Things to Read - China - From Mongols to The Nobel Prize

Because we spent this summer road tripping around the country (for better or worse), a good friend lent us The Great Courses: From Yao to Mao: 5000 Years of Chinese History, which I highly recommend (especially if you're a big dork, like me, who misses school); great lectures without tests or papers = wonderfulness. Anyways, after listening to over 18 hours of Chinese history, I became a little obsessed. I wanted to learn more about the periods and people that fascinated me the most. I began by purchasing Marco Polo: From Venice to Xanadu. Prior to this summer, I never quite recognized Marco Polo as a real person, rather, I thought of him as a swimming pool game we'd play as kids (wasn't that so fun - yelling "Marco!" and hearing "Polo!" and over and over again?). Anyways, Marco Polo's biography makes for some amazing reading.

Polo's father and uncle spent his childhood traveling as merchants between China and Venice. In 1269, when Polo reached 15 years of age, his uncle and father returned home for a short while and decided to bring the young boy on their travels. Polo's stories of life along the silk road bring to life visions from Arabian Nights (rather embarrassingly, I couldn't stop listening to the Aladdin theme song while reading it, much to the great amusement of my children).

After journeying through the oasis towns of the Middle East [most of which no longer exist], the group made their way through the Taklimakan "Desert of Death" where Polo wrote of hearing "sounds, sometimes of singing, sometimes of wailing, and it has often happened that travelers going aside to see what these sounds may be, have strayed from their course and been entirely lost, for they say they were the voices of spirits and goblins." Polo also documented unusual towns where "[i]f a stranger comes to [a man's] house or lodge" the man instructs his "daughters, sisters, and other relations to do all that the stranger wishes." Apparently the custom was common in villages where people intermarried to preserve assets and bloodlines, as nomadic strangers helped to refresh a depleted gene pool.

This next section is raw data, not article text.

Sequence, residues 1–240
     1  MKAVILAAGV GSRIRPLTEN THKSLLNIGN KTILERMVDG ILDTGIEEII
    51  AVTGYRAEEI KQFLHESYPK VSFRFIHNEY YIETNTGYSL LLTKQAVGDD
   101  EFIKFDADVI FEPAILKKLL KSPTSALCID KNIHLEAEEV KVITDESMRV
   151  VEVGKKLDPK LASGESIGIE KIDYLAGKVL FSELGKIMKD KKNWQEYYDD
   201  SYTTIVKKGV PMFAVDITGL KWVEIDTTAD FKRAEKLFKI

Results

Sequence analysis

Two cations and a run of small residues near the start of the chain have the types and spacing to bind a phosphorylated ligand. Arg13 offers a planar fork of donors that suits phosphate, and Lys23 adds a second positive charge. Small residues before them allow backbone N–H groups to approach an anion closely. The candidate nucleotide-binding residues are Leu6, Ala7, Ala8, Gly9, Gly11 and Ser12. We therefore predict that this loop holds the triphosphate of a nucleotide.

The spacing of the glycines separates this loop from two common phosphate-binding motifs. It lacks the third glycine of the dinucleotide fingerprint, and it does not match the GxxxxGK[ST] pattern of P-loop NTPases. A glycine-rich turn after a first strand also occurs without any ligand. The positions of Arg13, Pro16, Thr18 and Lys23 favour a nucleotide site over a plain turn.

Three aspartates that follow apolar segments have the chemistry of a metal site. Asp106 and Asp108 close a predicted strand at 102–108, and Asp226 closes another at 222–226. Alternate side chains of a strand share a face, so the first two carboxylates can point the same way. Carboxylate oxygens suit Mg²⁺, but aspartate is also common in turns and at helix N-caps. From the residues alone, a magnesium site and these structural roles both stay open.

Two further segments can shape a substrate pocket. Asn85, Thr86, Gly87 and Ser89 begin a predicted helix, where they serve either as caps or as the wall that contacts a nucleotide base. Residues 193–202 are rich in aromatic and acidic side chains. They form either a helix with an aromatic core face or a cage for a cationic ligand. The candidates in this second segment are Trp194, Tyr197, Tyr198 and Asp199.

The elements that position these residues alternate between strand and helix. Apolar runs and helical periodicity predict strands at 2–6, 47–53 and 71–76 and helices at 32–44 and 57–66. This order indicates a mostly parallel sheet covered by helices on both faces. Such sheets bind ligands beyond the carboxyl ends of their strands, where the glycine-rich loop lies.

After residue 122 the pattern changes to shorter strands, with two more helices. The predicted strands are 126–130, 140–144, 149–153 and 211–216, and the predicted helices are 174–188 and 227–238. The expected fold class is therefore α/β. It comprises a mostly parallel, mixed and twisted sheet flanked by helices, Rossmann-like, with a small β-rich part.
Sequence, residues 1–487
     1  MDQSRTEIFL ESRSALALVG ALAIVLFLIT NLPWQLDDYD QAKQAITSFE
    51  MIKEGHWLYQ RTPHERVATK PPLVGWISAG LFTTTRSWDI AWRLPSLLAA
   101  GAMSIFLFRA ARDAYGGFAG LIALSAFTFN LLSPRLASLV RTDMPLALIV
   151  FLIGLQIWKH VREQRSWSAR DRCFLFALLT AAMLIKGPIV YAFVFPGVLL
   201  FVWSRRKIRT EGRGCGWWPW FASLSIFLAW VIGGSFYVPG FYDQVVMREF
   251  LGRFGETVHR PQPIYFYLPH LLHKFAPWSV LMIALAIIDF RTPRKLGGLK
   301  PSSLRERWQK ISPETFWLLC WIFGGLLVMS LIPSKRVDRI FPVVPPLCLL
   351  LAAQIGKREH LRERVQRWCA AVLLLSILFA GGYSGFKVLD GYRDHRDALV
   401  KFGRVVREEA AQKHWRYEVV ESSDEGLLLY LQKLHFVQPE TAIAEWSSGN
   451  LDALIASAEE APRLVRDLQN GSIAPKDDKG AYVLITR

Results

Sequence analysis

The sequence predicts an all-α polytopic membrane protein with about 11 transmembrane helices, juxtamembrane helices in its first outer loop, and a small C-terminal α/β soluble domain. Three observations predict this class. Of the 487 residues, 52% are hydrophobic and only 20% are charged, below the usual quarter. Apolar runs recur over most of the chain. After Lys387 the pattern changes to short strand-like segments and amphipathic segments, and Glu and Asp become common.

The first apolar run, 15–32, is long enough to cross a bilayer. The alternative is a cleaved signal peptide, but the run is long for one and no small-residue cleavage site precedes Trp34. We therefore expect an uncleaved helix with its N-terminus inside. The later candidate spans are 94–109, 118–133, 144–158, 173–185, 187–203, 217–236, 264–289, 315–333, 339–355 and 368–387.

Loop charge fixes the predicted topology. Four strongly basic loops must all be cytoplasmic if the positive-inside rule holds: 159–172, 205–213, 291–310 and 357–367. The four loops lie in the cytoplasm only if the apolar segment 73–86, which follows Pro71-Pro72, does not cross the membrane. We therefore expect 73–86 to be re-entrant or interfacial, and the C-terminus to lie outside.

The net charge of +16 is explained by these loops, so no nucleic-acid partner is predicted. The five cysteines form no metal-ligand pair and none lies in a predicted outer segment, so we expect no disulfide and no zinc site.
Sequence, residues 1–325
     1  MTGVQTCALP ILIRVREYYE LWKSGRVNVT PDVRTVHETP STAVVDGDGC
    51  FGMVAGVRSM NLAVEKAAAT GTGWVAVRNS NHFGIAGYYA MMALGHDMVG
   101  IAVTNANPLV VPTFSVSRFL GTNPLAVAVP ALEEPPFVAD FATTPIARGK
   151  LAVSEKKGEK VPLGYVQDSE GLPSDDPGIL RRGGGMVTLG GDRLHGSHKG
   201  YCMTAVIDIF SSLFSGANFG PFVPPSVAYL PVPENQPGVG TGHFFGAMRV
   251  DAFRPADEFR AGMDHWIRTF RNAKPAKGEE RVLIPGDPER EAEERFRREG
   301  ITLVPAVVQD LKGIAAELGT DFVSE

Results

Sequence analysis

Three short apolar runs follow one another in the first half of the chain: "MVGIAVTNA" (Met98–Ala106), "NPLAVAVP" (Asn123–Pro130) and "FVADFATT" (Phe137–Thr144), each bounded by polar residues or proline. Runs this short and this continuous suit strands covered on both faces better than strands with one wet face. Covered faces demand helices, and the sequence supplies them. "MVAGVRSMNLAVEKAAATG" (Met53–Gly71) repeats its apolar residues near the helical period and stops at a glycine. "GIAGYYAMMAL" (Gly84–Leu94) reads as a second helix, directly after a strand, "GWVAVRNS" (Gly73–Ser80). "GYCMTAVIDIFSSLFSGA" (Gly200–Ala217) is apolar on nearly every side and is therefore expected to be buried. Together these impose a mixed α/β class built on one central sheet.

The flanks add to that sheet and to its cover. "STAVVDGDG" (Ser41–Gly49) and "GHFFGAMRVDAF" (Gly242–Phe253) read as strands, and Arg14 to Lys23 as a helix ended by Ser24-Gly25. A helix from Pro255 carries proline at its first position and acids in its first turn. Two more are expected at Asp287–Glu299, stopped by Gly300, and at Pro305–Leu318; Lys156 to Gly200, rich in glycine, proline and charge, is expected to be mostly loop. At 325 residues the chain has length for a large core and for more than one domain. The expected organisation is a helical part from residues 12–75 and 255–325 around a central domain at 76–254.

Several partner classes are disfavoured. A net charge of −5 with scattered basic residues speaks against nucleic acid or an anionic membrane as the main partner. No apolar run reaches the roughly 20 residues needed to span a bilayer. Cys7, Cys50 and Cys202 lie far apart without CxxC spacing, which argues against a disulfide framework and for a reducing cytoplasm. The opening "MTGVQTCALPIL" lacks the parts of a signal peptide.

Eventually Polo's group made their way into the heart of the Chinese empire, run by Kublai Khan (grandson of Genghis Khan). After introducing themselves to the great leader, the threesome spent seventeen years in China, servicing the Khan. Marco's stories of Kublai's home, Xanadu (just like the Olivia Newton John song), dazzle with details of magical albino horses and collapsible, portable summer palaces. Further, Polo tells wondrous tales of Quinsai, "the City of Heaven" (now known as China's city of Hangzhou), which he describes as "the greatest city that maybe be found in the world, where so many pleasures may be found that one fancies himself to be in paradise." (Yes, I really really want to travel there one day).

In fact, Polo told of so many fascinating people and places that Europeans doubted his sincerity, "he was seen, initially, more as an entertainer and fabricator than as a historian." Nor did they believe him for the next 500 years. Finally, in 1824, a French linguist compared Polo's tales to Mongol and Chinese documents and realized that Polo presented a "strikingly accurate report" of eastern life.